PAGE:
Qadri’s show overshadows struggle of smaller parties



The government giving in to Dr Tahirul Qadri’s demands for electoral reforms and to implement the decision taken by the Supreme Court on June 8, 2012 has met a controversy as it has been revealed that Awami Workers Party (AWP) President Abid Hassan Minto and Bilal Hassan Minto had submitted an application in the Supreme Court (SC) on  January 8  notifying the court that last year’s decision had still not been implemented by the Election Commission of Pakistan (ECP).

According to details, AWP President Abid Hassan Minto submitted a petition to the SC alleging that SC’s decision to remove the ‘First Past the Post’ rule, making voting compulsory and to print None of the Above (NOTA) option on the ballots had not been executed. Moreover, Manto said that the SC decision to change the rules for campaigning during elections had also not been implemented.

In the June 8 decision by the SC, the ECP was ordered to change campaigning rules whereby political parties would be allowed to only distribute party manifestos and arrange a fixed number of public meetings. The ECP was also directed by the SC to bar car rallies and big hoardings during campaigns.

However, the ECP changed the procedure of election campaigning along the lines of law and order, whereby activists of political parties were not allowed to carry weapons during campaigning. No decision was made to ban other campaigning activities which are practiced by political parties.

Talking to Pakistan Today, Bilal Manto said, “The reason for the SC decision was simple; big money spent on big campaigns only favor mainstream political parties during elections. Smaller political parties with lesser budgets do not stand a chance in such a situation. This is not true democracy when only a few political parties keep dominating the political scene because of their massive budgets.”

Moreover, he said that the SC order to ECP to implement the mandatory voting and the NOTA option on ballots had not been executed.

Furthermore, he said that minor political parties had written to the ECP three times, saying that as the general elections approached, it was questionable whether the ECP intended to make the required changes in time for the upcoming general elections.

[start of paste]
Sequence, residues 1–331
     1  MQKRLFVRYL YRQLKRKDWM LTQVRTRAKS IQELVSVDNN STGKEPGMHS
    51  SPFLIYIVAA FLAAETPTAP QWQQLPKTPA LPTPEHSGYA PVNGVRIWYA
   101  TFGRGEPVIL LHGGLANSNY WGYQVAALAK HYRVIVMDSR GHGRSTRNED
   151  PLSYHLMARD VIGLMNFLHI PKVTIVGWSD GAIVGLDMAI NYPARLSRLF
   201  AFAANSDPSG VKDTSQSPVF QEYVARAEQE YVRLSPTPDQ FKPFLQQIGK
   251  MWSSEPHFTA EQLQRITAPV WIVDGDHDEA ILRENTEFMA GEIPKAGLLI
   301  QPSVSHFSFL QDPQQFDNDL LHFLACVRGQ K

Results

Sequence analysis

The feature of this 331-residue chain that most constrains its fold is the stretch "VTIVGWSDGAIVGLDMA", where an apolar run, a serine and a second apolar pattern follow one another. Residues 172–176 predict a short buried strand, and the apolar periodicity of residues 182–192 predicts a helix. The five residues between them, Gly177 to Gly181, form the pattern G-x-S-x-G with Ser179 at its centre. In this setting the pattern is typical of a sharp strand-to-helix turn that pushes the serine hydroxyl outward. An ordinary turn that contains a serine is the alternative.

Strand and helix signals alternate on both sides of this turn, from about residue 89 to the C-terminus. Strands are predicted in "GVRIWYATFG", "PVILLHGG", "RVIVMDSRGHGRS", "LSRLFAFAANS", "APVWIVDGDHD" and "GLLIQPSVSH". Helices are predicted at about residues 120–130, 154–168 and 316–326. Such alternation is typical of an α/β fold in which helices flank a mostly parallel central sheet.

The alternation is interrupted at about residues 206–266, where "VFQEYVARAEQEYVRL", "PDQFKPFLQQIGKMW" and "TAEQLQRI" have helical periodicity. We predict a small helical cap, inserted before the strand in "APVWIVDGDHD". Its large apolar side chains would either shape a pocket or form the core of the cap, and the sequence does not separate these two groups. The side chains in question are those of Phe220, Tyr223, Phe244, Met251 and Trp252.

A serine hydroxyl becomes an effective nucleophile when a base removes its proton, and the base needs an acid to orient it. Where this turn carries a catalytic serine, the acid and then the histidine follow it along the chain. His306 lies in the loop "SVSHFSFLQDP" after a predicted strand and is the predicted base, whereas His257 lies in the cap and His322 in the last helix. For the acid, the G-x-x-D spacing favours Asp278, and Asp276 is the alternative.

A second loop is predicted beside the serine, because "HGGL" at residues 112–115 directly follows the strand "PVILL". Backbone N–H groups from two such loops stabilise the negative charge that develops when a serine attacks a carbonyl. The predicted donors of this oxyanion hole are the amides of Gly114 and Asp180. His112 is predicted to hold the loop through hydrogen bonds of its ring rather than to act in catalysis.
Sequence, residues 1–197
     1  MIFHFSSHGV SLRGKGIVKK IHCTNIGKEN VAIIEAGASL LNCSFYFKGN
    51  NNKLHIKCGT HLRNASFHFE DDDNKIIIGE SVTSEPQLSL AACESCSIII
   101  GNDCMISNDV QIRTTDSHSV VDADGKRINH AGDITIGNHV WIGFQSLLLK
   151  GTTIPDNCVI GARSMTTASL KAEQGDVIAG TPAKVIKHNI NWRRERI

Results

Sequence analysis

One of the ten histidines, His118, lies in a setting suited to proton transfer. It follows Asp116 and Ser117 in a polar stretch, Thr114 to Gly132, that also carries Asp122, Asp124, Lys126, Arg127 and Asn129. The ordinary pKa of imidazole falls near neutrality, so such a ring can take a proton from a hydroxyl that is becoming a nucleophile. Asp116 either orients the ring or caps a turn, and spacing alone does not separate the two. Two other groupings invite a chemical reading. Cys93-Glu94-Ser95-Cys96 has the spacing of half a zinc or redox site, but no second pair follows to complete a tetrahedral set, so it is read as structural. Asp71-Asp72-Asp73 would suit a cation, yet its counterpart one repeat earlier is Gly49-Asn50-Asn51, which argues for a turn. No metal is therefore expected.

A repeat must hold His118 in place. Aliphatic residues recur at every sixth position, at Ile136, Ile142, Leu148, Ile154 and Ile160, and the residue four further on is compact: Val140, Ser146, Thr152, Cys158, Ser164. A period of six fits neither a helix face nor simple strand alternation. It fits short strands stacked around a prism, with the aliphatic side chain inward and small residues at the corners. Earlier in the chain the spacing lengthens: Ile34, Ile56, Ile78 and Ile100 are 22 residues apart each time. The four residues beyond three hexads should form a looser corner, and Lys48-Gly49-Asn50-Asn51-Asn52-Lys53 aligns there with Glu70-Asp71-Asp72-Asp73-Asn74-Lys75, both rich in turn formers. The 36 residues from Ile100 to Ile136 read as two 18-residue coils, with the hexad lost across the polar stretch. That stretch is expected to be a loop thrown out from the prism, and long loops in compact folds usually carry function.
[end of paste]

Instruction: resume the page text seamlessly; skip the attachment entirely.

Manto said that when no response was heard from the ECP, Abid Hassan Minto filed another petition in the SC demanding the implementation of electoral reforms on January 8, 2012. He said that it was after filing this petition that the ECP finally got in touch with the government, seeking further directives.

In lieu of this, Tahirul Qadri’s electoral reforms are of no significant importance, Manto said.

“In essence, not only did Qadri fail to demand any serious reform, he also achieved little for elections. I am very confident that the reforms will not be implemented,” he maintained.

Talking to Pakistan Today, AWP federal committee member Jamil Omar said, “This also points to a difference in strategies. We took this matter to the courts and were consistent in our demands. Qadri just wasted a lot of resources to take a long march in an attempt to bully political leaders.”

He further said, “I have fundamental disagreements with Dr Qadri at all levels. However, if electoral reforms was what he wanted, a broader consensus could have been reached between smaller parties who are directly affected by ECP’s decisions.”

He also highlighted the difference in campaigns for the cause of electoral reforms. “Dr Qadri had massive funding to sponsor his TV campaigns and take a long march to Islamabad. We had nothing, and we took the issue to the Supreme Court, the highest deciding authority in Pakistan.”

This is not the first time the struggles of smaller political parties have been overshadowed by a show of strength by mainstream political parties.

When Imran Khan took his long march to South Waziristan on an anti-drone protest, there were disgruntled murmurings that the media had ignored the crucial Peshawar Declaration between political parties and members of Amann Tehreek (an umbrella organisation of all walks of civil society). Signed in 2010, the declaration was an endorsement of peace in the conflict zone and condemned the drone attacks in the area by the United States. The participants in the declaration had unanimously decided to actively engage in a political solution to terrorism – a key point Pakistan Tehrik-e-Insaf Chairman Imran Khan took as his agenda when he took his long march to Waziristan.

Talking to Pakistan Today, Senator Pervaiz Raheed said that Pakistan Muslim League-Nawaz (PML-N) had a committee in the parliament that made recommendations to the ECP and they had submitted their suggestions.

When asked why the SC decision had not been implemented by the ECP, he dodged the question by saying, “That is a question for the ECP, not PML-N.”

PTI leader Shafqat Mahmood and PPP spokesman Fawwad Chaudhry were unavailable for comments.


  1. If small political party had any reservations with Dr Qadri's demand…why did they not join him to make their own issue strong, instead of speaking it now….

  2. The point is Ishrat Saheb, that the mainstream parties and Qadri only look for there own interest. We have to look to new parties such as the Awami Workers Party, which seems to have a huge tradition of great individuals. I think Jamil Omar, is that professor who was jailed by ZIa, and then Manto was part of the tradition of Faiz and others. Sad that our public has no respect.

  3. Abid Hassan Minto, is bigger patrit than ne politician. he could have been the CJ but did not go that way…

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